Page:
The field of therapeutic antibodies is producing massive and growing sales for the pharmaceutical industry, with the number granted first approval in either the European Union or the United States reaching double figures for the first time in 20171. This accelerated pace is projected to continue through 2018 and beyond, cementing antibody therapeutics as an increasingly important part of the pharmaceuticals business, representing over 40% of all newly approved drugs.
Antibodies are highly attractive as therapeutic agents as they have a naturally high affinity and specificity for their target antigen. These are desirable characteristics that enable an antibody to bind well to a single target, maximizing the desired biological effect, while minimizing off-target issues. In turn, this means that antibodies can be dosed at relatively low levels compared with small molecules.
Furthermore, because of their large size, they are cleared from the body much more slowly than small molecules, so they can be administered less often (typically once a month), providing substantial patient convenience.
Adalimumab (marketed by AbbVie Pharmaceuticals as Humira) was the first fully human antibody granted US FDA approval and serves as an example of a highly successful therapeutic antibody. It is now used to treat several diseases and conditions including rheumatoid arthritis, Crohn’s disease, and ulcerative colitis. In 2017 AbbVie reported $18.427 billion USD of sales from Humira alone2.
In mammals, an antibody is a specialized, Y-shaped glycoprotein produced and secreted by B lymphocytes in the immune system of an organism. Its primary function is to recognize and bind a unique pathogen (via an antigen) and neutralize it. The recognition and precise binding by the antibody to an antigen occurs via the antigen-binding sites located at the tips of the Y-shaped molecule’s Fab fragments. These regions provide a complex interface that recognizes and binds to a specific site on an antigen – termed an epitope.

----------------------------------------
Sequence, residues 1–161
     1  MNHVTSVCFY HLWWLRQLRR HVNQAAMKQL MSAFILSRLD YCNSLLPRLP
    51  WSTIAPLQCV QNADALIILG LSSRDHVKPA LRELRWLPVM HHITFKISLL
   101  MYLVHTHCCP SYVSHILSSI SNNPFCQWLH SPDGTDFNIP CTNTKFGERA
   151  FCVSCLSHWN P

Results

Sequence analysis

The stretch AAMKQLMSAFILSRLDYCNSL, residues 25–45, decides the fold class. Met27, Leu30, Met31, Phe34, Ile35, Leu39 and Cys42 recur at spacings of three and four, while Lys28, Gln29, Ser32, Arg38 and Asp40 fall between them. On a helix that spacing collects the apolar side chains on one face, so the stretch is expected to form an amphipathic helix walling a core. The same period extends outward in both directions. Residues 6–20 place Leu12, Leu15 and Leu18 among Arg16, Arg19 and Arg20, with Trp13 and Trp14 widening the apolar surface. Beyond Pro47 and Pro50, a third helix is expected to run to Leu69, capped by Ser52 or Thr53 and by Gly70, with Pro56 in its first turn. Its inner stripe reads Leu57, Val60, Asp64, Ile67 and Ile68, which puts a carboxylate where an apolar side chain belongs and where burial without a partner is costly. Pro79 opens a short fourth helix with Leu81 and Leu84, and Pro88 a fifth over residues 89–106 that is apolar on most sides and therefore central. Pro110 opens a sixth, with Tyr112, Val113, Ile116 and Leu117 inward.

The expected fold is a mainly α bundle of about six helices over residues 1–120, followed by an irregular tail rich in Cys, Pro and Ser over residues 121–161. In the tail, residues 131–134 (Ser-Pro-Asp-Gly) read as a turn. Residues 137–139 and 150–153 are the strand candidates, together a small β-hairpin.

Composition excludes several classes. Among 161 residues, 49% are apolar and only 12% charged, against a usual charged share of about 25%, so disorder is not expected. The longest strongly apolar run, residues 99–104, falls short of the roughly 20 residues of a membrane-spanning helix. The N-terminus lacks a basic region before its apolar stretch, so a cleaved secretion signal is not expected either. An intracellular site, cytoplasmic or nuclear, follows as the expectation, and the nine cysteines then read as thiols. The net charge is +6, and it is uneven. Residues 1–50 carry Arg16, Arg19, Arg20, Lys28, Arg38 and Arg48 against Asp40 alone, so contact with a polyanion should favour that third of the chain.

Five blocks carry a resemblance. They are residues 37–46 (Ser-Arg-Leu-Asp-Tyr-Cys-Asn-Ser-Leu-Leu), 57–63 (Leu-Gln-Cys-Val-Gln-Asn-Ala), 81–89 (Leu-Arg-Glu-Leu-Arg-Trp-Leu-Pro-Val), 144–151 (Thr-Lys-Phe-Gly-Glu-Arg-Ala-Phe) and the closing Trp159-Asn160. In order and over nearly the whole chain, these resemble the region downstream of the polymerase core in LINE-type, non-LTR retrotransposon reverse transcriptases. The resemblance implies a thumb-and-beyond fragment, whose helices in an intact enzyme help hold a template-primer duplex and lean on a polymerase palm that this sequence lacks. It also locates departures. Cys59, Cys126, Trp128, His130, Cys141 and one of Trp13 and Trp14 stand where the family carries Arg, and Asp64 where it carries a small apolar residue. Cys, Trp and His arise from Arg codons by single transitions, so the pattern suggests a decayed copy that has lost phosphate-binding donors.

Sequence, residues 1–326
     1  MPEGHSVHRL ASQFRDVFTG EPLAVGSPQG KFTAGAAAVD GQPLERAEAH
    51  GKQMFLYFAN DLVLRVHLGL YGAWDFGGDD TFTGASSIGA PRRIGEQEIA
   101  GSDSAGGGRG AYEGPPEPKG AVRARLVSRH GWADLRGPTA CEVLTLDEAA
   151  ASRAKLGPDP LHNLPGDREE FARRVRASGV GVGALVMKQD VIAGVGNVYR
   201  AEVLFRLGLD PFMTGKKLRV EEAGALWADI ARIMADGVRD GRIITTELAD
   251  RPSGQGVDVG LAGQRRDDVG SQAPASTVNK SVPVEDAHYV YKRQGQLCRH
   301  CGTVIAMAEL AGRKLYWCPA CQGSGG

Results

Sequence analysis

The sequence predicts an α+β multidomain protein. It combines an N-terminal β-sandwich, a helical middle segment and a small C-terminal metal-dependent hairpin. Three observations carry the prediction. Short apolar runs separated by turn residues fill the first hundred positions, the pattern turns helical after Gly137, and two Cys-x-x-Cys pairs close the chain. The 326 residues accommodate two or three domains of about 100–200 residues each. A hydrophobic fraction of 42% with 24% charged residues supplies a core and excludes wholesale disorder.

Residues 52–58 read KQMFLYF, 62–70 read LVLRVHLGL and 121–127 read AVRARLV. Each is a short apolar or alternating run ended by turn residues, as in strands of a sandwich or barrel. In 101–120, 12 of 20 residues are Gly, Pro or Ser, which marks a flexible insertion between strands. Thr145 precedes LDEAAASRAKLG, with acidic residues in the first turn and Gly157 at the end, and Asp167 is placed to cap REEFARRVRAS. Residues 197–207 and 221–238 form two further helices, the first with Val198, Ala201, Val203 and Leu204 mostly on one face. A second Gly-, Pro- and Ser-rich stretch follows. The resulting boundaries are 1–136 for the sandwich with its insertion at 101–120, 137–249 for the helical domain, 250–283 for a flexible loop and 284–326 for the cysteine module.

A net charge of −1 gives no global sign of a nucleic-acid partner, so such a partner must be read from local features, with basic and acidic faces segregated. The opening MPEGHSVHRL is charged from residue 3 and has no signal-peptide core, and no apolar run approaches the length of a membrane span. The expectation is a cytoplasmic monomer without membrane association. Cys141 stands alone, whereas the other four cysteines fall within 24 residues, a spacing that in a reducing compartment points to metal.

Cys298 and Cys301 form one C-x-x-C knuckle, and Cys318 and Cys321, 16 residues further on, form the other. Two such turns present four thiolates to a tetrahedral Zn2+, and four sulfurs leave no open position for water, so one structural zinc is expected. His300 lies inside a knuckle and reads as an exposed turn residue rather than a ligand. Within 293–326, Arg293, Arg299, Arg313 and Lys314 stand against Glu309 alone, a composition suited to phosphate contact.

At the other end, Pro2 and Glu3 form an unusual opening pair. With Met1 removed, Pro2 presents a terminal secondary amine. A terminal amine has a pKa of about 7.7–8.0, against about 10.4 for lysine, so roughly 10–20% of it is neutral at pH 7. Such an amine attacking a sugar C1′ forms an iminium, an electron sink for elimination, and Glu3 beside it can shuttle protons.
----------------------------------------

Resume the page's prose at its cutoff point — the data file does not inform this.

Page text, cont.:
“It is not likely that in silico tools/algorithms will ever be predictive enough to replace empirical selections in my career – the math is too daunting. No technology can exhaustively sample all the theoretical sequence space of an antibody molecule, let alone screen that diversity. Combine that with the huge diversity of possible antibody: antigen binding conformations and it seems like there will always be a need for actually generating variant libraries and screening them.” -Bill Harriman – VP, Antibody Discovery Services at Ligand Pharmaceuticals
The architecture of an antibody’s antigen-binding site is composed of stretches of conserved framework amino acid residues alternated with hypervariable portions, termed complementarity-determining regions (CDRs). As a result, an organism’s antibody repertoire is vast, with enormous sequence and structural diversity, enabling it to recognize an equally enormous range of antigen epitopes.
It is this virtually limitless target range and unique process of target recognition and binding that is of great interest when making medicines. The ability to develop an antibody capable of binding to a specific target of interest with its trademark high affinity and specificity is a model solution to drug discovery.
Making a medicine, whether a small molecule or biologic such as an antibody, is not a prescriptive process where the end, target molecule is known. Rational design and empirical science represent two polarized, yet complementary approaches to drug discovery.
In the case of therapeutic antibodies, some characteristics, such as affinity, can be optimized via engineering, but it is not possible currently to predict or design the epitope specificity in a rational way. Rather, this is an innate property, which dictates binding to the target of interest (antigen). It cannot be engineered by design in silico and/or de novo synthesis.
Empirical science is therefore critical for the discovery of antibody therapeutics, and can be aided, but not replaced by computational methods.
A collection of antibodies can be functionally screened to determine which potential drug candidates to move through the pipeline. This method of using empirical evidence to ‘triage’ the antibodies available and select promising candidates is labor- and time intensive, as well as expensive. However, this experimental selection step is also crucial to the discovery process.
Some of the routine methods for triaging, such as ELISA, FACS, and kinetic studies, result in information being missed. However, the combination of modern antibody generation methods to create large diverse libraries and high throughput analytical tools for screening make it possible to carry out more comprehensive screens.